Middle Age: The Importance of Having a Will
In middle age, the importance of having a will in place cannot be underestimated; it is the only way to assure that assets will be dispersed properly in the event of a death. Legal documents such as wills can be drawn up by lawyers specialising in estate law, or can be done using one of the readily available do-it-yourself (DIY) kits.
Legal Preparations: WillsFew people expect to die in midlife, but the fact is that some of us are not fortunate enough to live in to old age. While it may be an unpleasant task, writing a will is a necessary and responsible thing to do in order to see that assets are allocated in a manner that is in compliance with one’s wishes. Sometimes, death comes quickly and unexpectedly, and if a will is not in place, the law will determine how to best divide their estate.
Even when death is anticipated, the knowledge that time is limited can make it difficult to think clearly and focus on the legal details. It’s a good practice for all adults to prepare wills – once the task is completed, it can be set aside and left to rest… unless, of course, life changes necessitate updating it.
Life Changes and WillsSometimes, wills are written and then circumstances change, making the document outdated. If someone has a change of heart and wishes to add or remove a beneficiary, the will must reflect those sentiments so that their estate will be divided according to their most current wishes.
It’s important to keep in mind that if preferences aren’t clearly stated in the will, there is no guarantee that they will be honoured. There are three major life changes that require people to amend or rewrite their wills, al of which can happen in middle age.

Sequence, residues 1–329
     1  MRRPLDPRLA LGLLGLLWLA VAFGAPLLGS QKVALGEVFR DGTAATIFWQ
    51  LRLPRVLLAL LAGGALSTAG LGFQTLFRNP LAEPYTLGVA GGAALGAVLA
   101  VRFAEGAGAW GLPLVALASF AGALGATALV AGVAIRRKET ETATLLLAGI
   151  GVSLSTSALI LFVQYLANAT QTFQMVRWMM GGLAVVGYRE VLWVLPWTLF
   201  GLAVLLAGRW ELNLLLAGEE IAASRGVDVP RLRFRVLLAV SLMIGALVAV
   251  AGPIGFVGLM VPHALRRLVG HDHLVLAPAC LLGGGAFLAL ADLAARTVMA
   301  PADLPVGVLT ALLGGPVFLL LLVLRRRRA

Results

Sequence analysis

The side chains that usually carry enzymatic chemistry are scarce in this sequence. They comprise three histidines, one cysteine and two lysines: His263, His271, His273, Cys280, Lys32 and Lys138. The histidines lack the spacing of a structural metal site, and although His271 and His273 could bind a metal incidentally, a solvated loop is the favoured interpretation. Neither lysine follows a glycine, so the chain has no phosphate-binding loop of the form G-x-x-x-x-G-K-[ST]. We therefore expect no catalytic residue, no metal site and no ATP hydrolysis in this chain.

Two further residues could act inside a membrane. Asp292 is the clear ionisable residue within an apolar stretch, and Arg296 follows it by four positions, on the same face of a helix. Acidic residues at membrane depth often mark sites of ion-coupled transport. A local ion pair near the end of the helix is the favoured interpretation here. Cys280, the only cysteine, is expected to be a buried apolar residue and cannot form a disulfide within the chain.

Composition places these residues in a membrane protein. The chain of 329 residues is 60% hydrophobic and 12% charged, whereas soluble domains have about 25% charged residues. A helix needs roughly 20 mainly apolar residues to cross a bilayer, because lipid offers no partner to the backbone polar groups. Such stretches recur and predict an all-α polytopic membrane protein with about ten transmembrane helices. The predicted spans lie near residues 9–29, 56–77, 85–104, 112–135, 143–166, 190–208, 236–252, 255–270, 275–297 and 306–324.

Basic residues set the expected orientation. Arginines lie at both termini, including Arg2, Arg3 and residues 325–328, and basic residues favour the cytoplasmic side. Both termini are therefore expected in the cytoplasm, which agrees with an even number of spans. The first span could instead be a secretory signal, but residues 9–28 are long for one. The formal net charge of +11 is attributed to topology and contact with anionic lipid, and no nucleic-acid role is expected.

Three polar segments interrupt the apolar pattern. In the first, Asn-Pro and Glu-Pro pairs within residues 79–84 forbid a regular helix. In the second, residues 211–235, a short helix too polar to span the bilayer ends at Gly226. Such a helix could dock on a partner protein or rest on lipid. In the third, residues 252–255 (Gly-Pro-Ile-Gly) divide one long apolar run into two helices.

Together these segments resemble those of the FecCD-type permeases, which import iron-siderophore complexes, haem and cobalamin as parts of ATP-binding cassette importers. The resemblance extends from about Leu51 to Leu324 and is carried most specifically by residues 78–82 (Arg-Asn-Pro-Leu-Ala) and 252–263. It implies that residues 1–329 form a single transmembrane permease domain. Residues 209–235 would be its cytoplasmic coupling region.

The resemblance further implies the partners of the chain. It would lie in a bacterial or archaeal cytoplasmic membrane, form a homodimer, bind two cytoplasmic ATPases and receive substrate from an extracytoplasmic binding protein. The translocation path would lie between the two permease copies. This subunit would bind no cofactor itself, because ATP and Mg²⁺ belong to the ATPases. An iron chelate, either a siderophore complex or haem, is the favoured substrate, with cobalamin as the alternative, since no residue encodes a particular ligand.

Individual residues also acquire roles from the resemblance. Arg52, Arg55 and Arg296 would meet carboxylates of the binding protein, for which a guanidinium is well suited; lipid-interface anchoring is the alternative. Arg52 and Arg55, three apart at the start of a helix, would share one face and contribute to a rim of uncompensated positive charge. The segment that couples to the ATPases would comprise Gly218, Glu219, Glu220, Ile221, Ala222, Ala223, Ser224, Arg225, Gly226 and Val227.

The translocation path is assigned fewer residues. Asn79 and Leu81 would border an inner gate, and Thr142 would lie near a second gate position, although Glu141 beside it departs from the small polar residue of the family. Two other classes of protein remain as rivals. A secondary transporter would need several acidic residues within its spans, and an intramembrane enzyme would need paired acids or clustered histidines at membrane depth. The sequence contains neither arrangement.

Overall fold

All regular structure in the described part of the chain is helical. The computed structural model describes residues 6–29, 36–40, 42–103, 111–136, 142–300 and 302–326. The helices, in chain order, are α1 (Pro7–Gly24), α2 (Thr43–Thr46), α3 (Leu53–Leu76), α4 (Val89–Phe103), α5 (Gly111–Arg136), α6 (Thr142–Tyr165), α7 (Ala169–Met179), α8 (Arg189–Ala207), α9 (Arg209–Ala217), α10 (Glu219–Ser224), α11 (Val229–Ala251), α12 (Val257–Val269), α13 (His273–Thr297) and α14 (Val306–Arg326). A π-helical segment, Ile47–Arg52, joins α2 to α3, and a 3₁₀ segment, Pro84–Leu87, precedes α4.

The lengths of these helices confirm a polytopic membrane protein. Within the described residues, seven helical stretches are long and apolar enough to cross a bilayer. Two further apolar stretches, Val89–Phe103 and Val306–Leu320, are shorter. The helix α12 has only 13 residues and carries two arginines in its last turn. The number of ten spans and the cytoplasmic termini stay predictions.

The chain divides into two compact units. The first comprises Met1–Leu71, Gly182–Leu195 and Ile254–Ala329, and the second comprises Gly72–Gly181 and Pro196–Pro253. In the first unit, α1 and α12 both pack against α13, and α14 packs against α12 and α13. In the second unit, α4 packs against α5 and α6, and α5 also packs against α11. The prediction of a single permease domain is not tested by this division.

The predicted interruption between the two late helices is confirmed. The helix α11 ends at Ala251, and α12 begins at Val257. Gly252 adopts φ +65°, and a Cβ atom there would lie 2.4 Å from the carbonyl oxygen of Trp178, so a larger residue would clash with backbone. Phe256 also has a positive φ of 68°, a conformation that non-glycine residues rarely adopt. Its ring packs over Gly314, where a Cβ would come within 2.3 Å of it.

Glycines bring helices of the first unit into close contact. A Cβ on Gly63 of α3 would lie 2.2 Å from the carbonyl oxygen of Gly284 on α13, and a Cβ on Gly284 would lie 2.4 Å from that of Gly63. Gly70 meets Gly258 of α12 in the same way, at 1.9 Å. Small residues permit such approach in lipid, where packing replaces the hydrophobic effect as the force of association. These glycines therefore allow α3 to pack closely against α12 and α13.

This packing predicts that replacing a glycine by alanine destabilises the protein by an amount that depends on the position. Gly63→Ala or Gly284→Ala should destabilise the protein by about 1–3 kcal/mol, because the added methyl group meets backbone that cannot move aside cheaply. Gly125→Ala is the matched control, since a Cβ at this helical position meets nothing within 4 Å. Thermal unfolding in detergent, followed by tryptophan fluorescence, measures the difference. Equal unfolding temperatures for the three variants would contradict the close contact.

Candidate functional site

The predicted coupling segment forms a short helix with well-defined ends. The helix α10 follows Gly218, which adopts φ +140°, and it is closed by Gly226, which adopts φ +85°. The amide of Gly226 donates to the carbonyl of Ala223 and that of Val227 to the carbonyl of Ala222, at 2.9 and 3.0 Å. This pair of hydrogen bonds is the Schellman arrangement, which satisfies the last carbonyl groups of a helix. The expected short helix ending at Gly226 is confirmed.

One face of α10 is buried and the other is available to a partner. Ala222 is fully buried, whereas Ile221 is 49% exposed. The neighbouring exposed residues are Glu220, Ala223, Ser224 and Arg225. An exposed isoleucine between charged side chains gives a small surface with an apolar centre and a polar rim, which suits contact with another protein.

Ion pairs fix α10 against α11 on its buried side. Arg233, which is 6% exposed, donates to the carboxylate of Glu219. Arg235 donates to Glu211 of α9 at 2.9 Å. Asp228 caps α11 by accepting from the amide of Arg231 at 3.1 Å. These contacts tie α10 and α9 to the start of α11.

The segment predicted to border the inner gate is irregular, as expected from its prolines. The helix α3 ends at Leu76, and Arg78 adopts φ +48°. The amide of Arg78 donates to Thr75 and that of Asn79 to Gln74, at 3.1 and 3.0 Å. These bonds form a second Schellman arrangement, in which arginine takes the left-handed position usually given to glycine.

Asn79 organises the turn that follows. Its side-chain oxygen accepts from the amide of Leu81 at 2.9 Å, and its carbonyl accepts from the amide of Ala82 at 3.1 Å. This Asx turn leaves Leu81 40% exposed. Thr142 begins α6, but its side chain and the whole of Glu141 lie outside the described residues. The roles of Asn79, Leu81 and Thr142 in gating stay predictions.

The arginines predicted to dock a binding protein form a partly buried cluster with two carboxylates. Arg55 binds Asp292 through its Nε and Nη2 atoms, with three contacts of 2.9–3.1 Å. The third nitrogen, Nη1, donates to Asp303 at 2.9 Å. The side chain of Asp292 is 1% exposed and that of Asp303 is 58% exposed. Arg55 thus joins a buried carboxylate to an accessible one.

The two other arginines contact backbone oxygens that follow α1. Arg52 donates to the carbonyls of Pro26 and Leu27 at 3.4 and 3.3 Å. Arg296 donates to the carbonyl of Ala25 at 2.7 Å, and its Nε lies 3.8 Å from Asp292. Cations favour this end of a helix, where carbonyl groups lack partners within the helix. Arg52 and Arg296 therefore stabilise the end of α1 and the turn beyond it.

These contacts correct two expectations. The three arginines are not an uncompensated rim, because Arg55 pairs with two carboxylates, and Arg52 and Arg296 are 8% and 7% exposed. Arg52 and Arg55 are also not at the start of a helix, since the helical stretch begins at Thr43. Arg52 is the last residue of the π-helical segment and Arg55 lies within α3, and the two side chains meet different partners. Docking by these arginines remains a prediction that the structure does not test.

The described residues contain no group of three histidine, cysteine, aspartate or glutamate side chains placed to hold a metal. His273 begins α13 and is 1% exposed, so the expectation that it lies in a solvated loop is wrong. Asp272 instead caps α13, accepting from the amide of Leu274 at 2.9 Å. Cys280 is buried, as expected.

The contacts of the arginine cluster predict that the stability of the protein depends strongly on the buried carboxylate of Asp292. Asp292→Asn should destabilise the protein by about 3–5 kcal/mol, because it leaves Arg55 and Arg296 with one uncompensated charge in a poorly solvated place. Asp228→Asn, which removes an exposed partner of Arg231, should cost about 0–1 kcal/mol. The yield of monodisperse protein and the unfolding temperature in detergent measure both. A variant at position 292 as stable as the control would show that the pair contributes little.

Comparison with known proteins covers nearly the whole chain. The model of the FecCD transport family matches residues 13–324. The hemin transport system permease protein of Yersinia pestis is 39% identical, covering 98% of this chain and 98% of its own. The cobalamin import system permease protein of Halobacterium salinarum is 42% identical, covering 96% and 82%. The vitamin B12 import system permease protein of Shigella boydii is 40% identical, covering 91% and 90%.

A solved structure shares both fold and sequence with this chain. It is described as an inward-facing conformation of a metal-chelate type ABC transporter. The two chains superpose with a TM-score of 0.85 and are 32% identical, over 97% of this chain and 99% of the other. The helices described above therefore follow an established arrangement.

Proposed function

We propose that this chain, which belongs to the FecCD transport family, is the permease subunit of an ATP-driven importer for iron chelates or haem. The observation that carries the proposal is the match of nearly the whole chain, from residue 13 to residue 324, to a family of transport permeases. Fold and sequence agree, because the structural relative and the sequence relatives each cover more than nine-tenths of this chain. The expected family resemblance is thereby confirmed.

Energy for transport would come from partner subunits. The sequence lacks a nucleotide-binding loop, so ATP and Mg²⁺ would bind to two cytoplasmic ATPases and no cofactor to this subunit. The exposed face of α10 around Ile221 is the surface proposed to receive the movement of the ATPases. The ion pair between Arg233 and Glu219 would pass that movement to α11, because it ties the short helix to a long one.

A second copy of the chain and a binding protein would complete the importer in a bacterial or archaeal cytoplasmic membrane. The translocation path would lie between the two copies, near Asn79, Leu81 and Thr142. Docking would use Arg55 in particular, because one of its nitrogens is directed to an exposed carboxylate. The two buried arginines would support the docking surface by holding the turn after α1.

- Marriage or Divorce: A change in marital status need to be reflected in a current and legally recognised will. A new marriage automatically nullifies an existing will, so newly married people need to have new documents drawn up that reflect their current marital status and name beneficiaries. In the event of a legal separation or divorce, it’s equally important that the will be amended. The idea that a soon-to-be ex could inherit one’s personal assets is not likely to sit well with most people. Finally, it’s important to know that the law does not recognise common law spouses, so unmarried couples who wish to leave part or all of their estate to their partner must specifically name them in their wills.
- Buying Property: The purchase of a home necessitates an update to a will. Even, as is common, if the mortgaged amount is most of the value of the property, some equity is likely to remain. Also, if the property was purchased with a partner, a will should specify what is to be done with the writer’s portion of the property value.
- Becoming a Parent: For many people, the main reason that they want to have a will is to see that their children receive their proper inheritances. Some people in middle age have both grown children and younger ones. If an estate owner wishes to divide their assets in unequal portions amongst their children (for example, to allow additional funds to be allocated to help raise younger kids), it must be stated in the will. Also, the law automatically recognises natural and legally adopted children, but if there are others that the will’s writer wishes to include (step-children, for instance), they must be mentioned in the text of the document.
Details to be Included in a WillA basic will is certain to cover major assets, but some people have strong feelings about the distribution of their personal possessions, as well. In cases where all of an estate is left to just one person, no conflict should arise, but oftentimes, funds and property are divided amongst several people. Items of sentimental value may cause discord amongst survivors if any particular item(s) are wanted by more than one person.
These types of disagreements can be avoided by specifying the recipients of family heirlooms and others personal items in advance. Charitable donations should also be designated wills, if an estate owner wishes to leave a bequest to a favoured cause.